The presence of fish in rivers across Australia is affected by many factors, but a significant one is the presence of weirs and other structures that stop fish migrating up and down a river. There are several different designs to allow fish to navigate up or around a weir, and we had the pleasure of testing one of them with a physical model with the Australian Irrigation and Hydraulics Technology Centre at the University of South Australia recently.
In this blog we describe what a fish lock is, how it works, and what we learnt from building a scaled down physical version in the lab.
A fish lock operates in a similar fashion to a ship lock. However it requires a constant ‘attraction flow’ to be provided through the lock to attract fish into the entrance and out of the exit. The fish lock operates in four key phases:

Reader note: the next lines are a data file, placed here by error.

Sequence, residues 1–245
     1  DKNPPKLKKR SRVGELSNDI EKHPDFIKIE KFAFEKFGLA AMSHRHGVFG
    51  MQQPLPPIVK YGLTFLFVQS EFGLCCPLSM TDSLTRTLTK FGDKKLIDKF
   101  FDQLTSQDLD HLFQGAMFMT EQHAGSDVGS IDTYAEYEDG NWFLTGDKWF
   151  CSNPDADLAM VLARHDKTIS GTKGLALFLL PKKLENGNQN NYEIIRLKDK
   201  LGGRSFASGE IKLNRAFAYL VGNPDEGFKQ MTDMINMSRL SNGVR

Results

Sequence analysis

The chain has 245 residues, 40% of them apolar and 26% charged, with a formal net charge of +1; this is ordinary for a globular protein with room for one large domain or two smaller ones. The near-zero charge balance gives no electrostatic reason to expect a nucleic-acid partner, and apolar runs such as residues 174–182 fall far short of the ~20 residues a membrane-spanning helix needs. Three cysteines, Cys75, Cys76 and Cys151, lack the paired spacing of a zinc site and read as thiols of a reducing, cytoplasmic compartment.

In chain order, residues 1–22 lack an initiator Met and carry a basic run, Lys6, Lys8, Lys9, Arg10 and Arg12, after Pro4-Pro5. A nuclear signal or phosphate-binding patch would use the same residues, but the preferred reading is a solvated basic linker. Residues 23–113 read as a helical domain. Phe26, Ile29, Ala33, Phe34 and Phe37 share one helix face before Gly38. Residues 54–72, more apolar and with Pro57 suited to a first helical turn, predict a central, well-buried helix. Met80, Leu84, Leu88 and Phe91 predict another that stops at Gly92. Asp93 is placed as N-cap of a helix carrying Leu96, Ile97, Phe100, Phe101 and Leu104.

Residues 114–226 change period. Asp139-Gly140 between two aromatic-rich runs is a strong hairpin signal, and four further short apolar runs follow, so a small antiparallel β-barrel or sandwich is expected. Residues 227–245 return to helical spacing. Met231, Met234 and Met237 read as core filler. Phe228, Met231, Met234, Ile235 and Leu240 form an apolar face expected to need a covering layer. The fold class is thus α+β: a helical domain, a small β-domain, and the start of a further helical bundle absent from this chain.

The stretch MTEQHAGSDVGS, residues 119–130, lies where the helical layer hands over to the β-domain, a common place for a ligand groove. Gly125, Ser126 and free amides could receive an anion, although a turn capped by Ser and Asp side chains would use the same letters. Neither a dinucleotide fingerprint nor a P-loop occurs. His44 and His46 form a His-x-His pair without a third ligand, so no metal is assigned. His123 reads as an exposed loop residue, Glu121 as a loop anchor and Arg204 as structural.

Modelled fish lock (scale 1:10)
- Phase 1 - Attraction: provide attraction flow to lure fish into the lock chamber
- Phase 2 - Filling: the chamber is sealed and water level rises
- Phase 3 - Exit: the upstream gate is opened and the fish swim through to the weir pool
- Phase 4 - Emptying: the upstream gate is closed and the lock chamber is drained until the tailwater level of the fishway entrance is achieved
The fish lock system at Uni SA was built in two sections – the fishway (1:10) and the weir (1:15). Crucially, a number of key components of the model needed to be adjustable, including; the tailwater level, the baffle slot width, the upstream lay flat gate and the pipe diameters. We were lucky to have the opportunity to use fish during the testing, which allowed us to observe their actual behaviour in this environment and flow conditions.
We learnt several things in this process: the number of water level sensors that would be required, the optimal pipe diameter, the filling flow rate (during Phase 2), the location and configuration of the fishway entrance, and the height of the new apron weir for the plunge pool to facilitate downstream migration.
Modelled river/weir system (scale 1:15)
For this reason we believe that the physical model achieved its aim of optimising the design and therefore was a worthwhile part of our design process. The increased confidence in design should translate to a more economical outcome for our client.